So, there we have it.  Simple, right?  The town of Lunenburg can now easily align their views with the other municipalities in Nova Scotia, like HRM,  that understand  Home occupations are accessory uses to a home not requiring a change of use because they have now been given express permission from the province to do so.  Wrong.  Why?  I, honestly couldn't begin to hypothesize.  It truly stumps me why something so simple should be made so complicated, but two days ago I got this in the mail from the town.  It is a copy of a small book that was sent to the minister regarding my case.  Even though the mayor was copied on the e-mail above and even though it must be clear from our own Municipal Planning Strategy that it is not possible to classify my craft workshop where I sell only what I make as "Mercantile" or Commercial, the town continues to classify me this way.  The booklet has pages and pages of information justifying their building inspectors interpretation.


The town has now spent countless of our tax dollars on retaining legal council and  commissioning reports from their contracted employees and from town staff, instead of spending our hard earned money to simply fix it.  In this booklet, the town continues to insist that they are helpless and await an amendment in the Nova Scotia Building Code to proceed with progress.

Hope dies hard and I keep waiting for the town to simply see that they have made an error and be big enough to admit it and then we can just get on with our vision of making Nova Scotia the best place in the world, filled with artisans and young people and families that know they can support themselves.  But, if this booklet is any indication, I don't think it's going to be that easy, so I will address this provincial panel and be a voice for home based businesses in Nova Scotia because I don't want any other person that comes after me to ever have to go through this hell.  If the province can do something, anything, from their end to ensure that individual municipalities can only see home based businesses as just that, businesses in a HOME with only code that applies to a home being applied then it simply has to be done.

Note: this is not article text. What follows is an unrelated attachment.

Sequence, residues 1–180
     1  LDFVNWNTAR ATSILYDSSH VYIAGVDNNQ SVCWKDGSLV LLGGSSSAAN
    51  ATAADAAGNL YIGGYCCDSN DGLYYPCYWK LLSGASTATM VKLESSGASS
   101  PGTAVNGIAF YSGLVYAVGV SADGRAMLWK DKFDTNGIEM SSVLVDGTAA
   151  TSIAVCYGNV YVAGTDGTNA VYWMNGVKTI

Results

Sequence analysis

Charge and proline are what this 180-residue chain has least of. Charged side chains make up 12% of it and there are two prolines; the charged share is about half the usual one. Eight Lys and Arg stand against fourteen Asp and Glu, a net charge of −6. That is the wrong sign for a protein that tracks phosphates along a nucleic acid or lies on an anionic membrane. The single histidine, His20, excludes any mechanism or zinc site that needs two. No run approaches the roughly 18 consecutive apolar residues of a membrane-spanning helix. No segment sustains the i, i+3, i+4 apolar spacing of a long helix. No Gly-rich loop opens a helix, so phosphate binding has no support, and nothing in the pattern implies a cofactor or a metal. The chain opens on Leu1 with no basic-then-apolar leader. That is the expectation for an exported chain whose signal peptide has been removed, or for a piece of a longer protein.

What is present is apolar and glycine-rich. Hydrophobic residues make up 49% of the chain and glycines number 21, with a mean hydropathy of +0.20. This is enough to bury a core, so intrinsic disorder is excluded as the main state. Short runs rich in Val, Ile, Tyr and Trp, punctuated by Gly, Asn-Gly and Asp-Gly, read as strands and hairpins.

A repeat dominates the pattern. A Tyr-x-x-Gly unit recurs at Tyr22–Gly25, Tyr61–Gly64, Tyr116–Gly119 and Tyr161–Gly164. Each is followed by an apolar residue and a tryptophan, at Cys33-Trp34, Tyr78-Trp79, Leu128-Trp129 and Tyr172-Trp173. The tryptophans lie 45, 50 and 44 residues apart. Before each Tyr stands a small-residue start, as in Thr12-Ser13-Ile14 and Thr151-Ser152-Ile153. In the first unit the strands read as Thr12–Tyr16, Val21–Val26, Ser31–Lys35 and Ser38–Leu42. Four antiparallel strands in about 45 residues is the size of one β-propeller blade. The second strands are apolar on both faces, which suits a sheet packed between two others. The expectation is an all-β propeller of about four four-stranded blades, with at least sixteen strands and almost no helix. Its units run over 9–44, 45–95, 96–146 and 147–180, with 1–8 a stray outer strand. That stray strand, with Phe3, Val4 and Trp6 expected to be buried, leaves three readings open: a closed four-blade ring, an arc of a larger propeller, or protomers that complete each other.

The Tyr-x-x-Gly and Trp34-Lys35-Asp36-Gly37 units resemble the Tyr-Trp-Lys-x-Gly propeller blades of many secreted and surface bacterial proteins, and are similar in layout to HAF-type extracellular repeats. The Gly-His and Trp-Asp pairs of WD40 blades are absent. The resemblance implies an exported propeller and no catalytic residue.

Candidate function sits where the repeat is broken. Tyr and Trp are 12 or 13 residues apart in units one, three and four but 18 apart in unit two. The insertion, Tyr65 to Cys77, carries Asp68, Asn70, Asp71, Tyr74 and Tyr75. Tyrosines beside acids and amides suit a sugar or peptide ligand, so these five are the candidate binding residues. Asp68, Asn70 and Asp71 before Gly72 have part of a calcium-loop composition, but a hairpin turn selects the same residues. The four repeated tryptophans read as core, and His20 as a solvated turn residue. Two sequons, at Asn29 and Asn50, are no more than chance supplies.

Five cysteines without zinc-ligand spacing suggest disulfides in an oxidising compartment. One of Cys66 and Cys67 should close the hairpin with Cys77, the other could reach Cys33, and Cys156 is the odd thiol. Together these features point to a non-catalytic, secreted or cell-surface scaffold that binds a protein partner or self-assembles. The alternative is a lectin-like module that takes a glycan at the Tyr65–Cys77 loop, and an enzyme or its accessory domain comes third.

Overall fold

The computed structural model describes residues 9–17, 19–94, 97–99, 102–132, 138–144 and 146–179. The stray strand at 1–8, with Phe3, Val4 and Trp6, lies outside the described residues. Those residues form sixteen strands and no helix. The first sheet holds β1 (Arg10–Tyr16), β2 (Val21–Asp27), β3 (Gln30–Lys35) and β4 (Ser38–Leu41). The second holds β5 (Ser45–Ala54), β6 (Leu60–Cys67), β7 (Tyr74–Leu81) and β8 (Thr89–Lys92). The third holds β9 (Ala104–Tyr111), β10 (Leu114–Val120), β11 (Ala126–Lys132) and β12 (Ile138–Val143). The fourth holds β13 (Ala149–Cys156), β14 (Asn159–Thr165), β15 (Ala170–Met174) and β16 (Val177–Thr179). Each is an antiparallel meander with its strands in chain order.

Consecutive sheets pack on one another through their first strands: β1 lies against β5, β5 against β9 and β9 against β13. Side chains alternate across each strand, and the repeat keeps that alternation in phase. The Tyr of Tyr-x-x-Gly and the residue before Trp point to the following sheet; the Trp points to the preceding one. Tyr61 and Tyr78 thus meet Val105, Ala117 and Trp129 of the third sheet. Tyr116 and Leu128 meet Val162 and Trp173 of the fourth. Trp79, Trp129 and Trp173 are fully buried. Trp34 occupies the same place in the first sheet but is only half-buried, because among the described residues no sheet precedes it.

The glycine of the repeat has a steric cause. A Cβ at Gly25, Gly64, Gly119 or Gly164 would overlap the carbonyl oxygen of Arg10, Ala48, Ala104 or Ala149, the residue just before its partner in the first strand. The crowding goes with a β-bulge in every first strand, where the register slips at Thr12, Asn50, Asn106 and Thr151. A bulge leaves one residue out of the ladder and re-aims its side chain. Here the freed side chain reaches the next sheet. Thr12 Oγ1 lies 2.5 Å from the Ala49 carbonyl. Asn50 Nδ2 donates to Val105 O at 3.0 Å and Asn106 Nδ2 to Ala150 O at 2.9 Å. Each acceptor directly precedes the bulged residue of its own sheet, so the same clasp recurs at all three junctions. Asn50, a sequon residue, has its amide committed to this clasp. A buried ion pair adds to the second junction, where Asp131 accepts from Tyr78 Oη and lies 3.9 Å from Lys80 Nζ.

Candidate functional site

And in the mean time, I need your help.  Send me your letters and I will post them here.  Speak up!  People are afraid of retribution.  I get it.  But there is strength in numbers. This is an opportunity for your voices to be heard.  In the past day, two quotes from Ghandi appeared in my life.  Heck, sometimes you gotta take those signs when they are given to you.  The first, "When the people lead, the leaders will follow." and "Be the change you wish to see in the world."

I know I have made some enemies in this town.  That sucks.  Really......I like people.  This kind of confrontation is not fun for me.  Someone said to me the other day, "be careful or you will really piss off council."  The thing is, as much as I may like individual councilors or administrators or building officials, my allegiance is not with them as individuals.  My allegiance is to this beautiful province and to other artisans and small business owners like myself who often get the short end of the stick.  So, I hate that there are hurt feelings, but I think we all need to get over ourselves and just do the right thing.